I was going to pretend I was someone else; maybe a film star or a dancer, but I changed my mind I'm going to tell you about me and my wishful world of long gone.
I'll begin in the thirties, a long time ago – before I broke my foot.
When I was about 3 or 4 years old I didn't want to be a girl, I didn't like wearing dresses so had them tucked in my knickers – at least I thought I looked like a boy! Not only that, I wouldn't answer to my name. I had to be "Granda', if anyone called me. I'll never know why I chose to be Granda. My poor mother, and the rest of the family, come to that! No broken foot then, that came along later.
Why am I mentioning my foot? I'll tell you later, but I wish I hadn't broken it.
As I grew up and the war and evacuation were long gone, I still fancied being someone else, not Granda anymore, more girlie this time. I saw myself in the spotlight somewhere. So much so, that my parents wanted me to try for a dancing school in London. We lived in Wembley then, Thrilled with the idea I went for an audition in a theatre, along with a friend, while on holiday. Sorry to say I froze on stage. 'bottled it' as they say, and ran off, never to return. That was the end of my fame and fortune dream.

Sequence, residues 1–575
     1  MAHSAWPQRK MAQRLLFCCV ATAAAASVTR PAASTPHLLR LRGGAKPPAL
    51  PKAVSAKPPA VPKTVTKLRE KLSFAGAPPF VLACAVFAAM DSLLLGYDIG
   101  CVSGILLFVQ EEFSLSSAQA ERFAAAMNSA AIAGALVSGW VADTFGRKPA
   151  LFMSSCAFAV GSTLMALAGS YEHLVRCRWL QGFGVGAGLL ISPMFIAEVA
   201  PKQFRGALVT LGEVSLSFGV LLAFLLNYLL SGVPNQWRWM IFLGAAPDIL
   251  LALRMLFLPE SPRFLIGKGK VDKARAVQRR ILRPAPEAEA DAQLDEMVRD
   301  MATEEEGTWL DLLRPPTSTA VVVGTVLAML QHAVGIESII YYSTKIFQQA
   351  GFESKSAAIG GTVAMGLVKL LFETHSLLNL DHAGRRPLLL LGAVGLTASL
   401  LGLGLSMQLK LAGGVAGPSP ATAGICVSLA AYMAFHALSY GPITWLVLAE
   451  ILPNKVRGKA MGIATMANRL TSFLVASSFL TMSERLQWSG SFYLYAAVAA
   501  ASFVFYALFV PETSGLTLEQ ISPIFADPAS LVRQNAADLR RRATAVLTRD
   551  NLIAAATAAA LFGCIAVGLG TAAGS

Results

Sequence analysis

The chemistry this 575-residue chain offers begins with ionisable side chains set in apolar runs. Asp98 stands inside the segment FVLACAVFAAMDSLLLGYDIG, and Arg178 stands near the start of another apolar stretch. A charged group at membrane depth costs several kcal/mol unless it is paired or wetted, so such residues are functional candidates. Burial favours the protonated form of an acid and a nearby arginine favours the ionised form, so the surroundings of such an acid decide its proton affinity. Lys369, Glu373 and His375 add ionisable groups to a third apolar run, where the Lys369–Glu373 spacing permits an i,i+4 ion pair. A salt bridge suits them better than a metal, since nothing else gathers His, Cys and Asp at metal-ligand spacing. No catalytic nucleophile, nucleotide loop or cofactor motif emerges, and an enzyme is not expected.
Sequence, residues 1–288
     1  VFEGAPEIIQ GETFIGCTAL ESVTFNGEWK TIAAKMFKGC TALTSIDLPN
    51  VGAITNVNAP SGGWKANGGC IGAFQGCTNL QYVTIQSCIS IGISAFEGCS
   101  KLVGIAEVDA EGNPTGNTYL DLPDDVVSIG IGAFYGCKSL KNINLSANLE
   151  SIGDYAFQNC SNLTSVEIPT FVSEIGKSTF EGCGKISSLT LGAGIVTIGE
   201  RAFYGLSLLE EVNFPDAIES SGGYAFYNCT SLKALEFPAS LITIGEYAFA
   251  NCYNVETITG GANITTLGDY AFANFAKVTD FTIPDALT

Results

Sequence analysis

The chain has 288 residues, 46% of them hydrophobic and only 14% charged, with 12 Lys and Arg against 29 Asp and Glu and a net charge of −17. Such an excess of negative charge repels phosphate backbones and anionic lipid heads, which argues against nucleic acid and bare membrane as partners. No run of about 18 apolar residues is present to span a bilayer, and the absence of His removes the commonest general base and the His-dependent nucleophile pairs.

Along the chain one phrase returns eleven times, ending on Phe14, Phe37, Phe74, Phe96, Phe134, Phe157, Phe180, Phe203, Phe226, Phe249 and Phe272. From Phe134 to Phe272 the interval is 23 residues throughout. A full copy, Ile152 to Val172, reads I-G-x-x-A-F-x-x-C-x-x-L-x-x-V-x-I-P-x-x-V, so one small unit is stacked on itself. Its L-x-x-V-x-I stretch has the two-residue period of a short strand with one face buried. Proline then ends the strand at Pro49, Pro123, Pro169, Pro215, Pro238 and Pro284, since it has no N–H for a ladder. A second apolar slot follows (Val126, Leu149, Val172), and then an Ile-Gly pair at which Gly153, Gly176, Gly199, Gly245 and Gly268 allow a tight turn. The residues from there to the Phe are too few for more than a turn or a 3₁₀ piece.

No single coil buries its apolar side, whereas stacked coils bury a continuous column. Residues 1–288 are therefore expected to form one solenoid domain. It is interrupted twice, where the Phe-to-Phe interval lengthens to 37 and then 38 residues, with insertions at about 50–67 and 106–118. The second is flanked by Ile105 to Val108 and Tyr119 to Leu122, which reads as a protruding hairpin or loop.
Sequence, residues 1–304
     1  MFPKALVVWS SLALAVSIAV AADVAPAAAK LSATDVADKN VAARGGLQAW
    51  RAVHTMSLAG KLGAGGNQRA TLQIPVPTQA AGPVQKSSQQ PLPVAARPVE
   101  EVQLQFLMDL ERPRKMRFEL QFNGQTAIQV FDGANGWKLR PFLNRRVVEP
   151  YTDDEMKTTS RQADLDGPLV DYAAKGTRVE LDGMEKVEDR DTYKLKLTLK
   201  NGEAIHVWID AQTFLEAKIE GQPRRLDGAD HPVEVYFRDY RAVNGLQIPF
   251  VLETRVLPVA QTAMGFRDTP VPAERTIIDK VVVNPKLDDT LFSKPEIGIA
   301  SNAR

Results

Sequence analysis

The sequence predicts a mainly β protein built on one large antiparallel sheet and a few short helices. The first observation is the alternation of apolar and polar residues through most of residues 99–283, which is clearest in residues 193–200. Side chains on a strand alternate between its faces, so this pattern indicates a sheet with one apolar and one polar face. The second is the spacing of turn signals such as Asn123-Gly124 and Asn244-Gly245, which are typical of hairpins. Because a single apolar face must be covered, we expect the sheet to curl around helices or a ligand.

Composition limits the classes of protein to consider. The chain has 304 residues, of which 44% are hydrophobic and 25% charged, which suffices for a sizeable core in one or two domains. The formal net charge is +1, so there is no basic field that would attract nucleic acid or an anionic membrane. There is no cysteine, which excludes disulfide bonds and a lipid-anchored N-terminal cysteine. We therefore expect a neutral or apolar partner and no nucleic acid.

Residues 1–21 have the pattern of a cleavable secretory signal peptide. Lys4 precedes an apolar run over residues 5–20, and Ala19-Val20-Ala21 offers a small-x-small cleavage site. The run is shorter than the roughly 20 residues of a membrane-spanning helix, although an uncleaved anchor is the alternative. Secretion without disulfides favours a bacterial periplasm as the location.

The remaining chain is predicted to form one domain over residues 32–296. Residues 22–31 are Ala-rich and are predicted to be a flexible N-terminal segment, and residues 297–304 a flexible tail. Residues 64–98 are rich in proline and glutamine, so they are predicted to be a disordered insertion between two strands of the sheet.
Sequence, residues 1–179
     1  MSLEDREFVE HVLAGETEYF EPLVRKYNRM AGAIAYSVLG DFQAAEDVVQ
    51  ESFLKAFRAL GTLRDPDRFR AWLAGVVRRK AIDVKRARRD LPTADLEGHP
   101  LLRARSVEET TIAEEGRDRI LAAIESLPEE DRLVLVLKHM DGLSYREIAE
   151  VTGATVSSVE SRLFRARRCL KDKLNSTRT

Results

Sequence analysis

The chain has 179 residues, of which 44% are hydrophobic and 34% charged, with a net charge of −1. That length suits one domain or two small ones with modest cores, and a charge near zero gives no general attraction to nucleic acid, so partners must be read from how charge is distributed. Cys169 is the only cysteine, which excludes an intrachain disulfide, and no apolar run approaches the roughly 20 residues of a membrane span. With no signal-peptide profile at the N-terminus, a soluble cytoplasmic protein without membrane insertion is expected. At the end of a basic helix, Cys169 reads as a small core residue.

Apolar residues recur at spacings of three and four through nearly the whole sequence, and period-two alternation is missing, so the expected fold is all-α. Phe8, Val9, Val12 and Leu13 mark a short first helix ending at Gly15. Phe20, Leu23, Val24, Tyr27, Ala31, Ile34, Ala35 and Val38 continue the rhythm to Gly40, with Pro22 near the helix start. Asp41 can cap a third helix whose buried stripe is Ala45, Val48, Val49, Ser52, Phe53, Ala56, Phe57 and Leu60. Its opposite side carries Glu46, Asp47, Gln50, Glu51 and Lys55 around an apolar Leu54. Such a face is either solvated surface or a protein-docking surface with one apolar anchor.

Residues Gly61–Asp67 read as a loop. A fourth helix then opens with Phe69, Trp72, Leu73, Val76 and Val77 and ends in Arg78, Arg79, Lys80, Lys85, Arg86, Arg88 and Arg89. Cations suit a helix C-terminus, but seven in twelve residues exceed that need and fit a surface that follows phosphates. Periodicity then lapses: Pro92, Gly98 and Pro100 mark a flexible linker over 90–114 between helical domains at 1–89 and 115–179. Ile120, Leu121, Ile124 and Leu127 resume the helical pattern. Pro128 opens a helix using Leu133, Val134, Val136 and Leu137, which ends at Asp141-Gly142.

Mind you, I still wonder how life would have been if only I'd worn my tap shoes more often. Can't now 'cos of my foot. How did I break it you may ask? I tripped on a wobbly path while out on a walk with our dog.
I still have my taps, a present from my grandchildren. Black ones, more fitting for my age. I prance about in them now and again, but I can't dance. With my tap shots came a sparkly top, now I'm 'Grannie Bling' to them all. Little do they know how much I wanted the glitter, long, long ago. lm just their Gran and they love me as I am. I'll settle for that.
If I had managed to tread the boards in search of my fairy tale life. I'd have been a member of E.N.S.A and not the W.I. I'm on the committee now and I feel I belong to our President's band of helpers.
I really wouldn't change a thing in my life. I only wish I hadn't broken my foot. But I manage quite well putting the kettle on at our meetings instead of putting on my tap shoes.
Every day of my life is a page of my history.
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